Malawi bans bushmeat in fight against Covid-19

Malawi has banned the selling and consumption of bushmeat as a precautionary measure against Coronavirus (Covid-19)  According to the Department of Parks and Wildlife (DNPW) director Bright Kumchedwa,  speaking on Wednesday, during a panel discussion in Lilongwe which revealed that most diseases which people face come from wildlife.

“The consumption of bush meat carries significant health risks. We want to ensure that the public at large is well informed of these dangers,” he said.

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He further added, “People may think that poaching for, or trading in bushmeat is a soft wildlife crime. But the truth is that it is a serious offense and can lead to a prison sentence.”

According to Kumchedwa, government and its partners will embark on a mass sensitization campaign to raise awareness on risks of consuming bush meat which is mostly poached in protected areas.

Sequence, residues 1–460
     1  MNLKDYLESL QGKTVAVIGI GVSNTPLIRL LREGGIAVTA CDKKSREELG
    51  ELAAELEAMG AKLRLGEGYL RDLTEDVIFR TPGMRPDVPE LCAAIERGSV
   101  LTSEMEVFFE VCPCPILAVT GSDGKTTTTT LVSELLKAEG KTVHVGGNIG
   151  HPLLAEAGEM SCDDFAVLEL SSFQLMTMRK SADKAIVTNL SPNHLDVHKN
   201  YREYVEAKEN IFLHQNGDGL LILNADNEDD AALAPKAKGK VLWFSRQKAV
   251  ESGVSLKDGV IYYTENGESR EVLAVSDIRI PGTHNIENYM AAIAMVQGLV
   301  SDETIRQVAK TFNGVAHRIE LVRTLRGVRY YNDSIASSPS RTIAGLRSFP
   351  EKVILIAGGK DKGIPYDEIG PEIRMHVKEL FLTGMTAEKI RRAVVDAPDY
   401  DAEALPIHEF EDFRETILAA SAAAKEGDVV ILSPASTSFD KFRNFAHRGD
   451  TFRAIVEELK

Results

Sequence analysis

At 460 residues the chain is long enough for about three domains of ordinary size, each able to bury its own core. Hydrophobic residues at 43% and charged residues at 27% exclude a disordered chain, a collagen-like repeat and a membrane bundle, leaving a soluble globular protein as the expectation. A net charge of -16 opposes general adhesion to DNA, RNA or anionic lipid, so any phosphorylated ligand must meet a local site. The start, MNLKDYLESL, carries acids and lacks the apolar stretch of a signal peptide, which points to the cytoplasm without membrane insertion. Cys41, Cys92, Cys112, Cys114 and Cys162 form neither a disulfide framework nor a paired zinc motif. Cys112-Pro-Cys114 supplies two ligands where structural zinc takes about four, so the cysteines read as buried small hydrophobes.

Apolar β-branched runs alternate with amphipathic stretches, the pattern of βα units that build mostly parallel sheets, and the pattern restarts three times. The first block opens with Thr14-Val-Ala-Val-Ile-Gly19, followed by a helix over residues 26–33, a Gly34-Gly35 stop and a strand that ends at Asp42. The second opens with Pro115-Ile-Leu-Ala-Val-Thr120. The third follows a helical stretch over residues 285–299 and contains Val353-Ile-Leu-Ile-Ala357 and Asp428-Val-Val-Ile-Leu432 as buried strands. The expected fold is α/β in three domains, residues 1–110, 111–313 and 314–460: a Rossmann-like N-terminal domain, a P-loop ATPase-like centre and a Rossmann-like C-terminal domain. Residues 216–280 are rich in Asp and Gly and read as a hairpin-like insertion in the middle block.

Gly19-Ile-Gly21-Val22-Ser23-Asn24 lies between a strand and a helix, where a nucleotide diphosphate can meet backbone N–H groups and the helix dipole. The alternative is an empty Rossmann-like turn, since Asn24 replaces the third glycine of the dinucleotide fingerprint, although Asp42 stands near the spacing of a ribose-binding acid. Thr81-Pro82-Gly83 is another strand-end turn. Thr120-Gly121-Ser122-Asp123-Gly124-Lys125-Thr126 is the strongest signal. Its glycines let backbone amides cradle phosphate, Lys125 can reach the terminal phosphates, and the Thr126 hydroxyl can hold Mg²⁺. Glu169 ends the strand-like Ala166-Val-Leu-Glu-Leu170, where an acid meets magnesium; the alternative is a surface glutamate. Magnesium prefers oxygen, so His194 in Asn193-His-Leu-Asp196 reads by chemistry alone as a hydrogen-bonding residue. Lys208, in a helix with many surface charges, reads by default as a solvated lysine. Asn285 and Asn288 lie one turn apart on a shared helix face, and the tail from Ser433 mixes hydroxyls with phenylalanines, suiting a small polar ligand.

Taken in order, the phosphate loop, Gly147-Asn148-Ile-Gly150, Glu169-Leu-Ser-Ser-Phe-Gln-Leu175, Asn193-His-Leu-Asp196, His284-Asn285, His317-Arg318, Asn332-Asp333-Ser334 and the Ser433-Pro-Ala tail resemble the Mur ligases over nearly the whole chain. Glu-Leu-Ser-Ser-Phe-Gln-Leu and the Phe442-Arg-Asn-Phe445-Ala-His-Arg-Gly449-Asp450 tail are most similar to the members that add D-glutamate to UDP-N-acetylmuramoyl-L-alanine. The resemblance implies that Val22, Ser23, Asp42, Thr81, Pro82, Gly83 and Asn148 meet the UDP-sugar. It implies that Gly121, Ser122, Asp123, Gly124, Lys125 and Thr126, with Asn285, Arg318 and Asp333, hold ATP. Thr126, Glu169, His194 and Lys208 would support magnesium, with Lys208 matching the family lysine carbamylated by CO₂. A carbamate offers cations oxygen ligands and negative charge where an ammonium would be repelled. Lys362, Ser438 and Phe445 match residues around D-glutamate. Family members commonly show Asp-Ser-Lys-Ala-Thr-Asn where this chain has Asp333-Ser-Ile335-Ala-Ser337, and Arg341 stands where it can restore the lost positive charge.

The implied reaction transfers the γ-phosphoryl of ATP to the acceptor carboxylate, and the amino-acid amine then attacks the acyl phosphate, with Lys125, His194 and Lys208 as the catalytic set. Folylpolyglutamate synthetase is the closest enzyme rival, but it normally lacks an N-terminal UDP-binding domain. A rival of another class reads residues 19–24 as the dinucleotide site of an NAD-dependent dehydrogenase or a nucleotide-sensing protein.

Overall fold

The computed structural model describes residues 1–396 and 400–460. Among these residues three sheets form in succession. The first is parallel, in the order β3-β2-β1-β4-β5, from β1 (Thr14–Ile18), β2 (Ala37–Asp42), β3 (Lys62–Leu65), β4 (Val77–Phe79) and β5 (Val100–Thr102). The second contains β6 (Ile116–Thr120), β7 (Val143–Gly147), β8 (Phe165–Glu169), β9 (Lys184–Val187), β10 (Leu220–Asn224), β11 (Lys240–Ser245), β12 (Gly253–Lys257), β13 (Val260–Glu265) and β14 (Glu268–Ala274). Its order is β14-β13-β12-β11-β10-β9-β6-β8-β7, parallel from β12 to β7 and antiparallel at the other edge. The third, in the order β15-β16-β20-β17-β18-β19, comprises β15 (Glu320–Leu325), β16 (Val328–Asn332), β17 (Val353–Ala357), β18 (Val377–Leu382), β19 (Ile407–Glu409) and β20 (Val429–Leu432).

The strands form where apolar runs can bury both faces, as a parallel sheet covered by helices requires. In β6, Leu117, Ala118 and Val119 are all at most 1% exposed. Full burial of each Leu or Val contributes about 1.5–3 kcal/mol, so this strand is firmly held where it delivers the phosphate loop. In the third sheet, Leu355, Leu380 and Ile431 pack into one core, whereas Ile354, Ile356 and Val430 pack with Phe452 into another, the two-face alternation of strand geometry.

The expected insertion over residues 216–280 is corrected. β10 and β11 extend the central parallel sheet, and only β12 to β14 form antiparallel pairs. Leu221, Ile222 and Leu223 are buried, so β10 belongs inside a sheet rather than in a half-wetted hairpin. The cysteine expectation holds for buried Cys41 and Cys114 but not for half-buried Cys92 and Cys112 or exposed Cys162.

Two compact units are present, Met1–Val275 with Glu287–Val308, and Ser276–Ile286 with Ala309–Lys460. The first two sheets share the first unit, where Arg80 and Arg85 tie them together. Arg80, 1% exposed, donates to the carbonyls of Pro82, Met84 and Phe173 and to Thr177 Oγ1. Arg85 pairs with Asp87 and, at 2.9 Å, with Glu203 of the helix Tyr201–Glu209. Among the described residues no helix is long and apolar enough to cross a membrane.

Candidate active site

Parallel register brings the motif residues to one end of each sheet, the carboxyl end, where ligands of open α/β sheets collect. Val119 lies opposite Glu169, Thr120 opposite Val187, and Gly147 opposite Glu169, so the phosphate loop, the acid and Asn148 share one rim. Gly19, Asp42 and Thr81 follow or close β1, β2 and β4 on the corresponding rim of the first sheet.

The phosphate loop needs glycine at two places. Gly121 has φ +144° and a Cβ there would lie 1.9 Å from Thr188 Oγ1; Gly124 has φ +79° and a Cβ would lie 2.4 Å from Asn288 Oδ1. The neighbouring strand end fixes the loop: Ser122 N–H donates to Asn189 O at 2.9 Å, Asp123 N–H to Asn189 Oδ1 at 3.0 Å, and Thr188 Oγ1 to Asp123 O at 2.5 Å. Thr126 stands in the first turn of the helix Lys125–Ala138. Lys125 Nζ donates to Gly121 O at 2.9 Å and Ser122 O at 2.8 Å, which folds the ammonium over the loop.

In his remarks, Department of Animal health and livestock development officer Dr Joseph Nkhoma concurred with Kumchedwa, saying people must buy meat from designated places.

“Wildlife animal are poached and killed. They are not slaughtered. You can never be sure of the diseases they are carrying, therefore people must buy meat from licensed butcheries and slaughterhouses,” he emphasized.

He further warned the general public from eating Bats, Antelope meat, Pangolin meat, Elephant meat among other bush meat.

Meanwhile, experts warn that the risks passed to humans by animal-borne diseases are likely to become more significant in the future as climate change and globalization affect the interaction between people and animals.

The campaign warning people against eating bushmeat is also currently underway in Ghana, Cameroon, Nigeria, and Sierra Leone.

The Ministry of Health and Population has been running campaigns aimed at sensitizing people to the dangers of Covid-19, how it spreads and how to avoid contracting it. Among the steps taken by the government is the imposition of a 14-day self-quarantine for all travelers from countries with recorded coronavirus cases.

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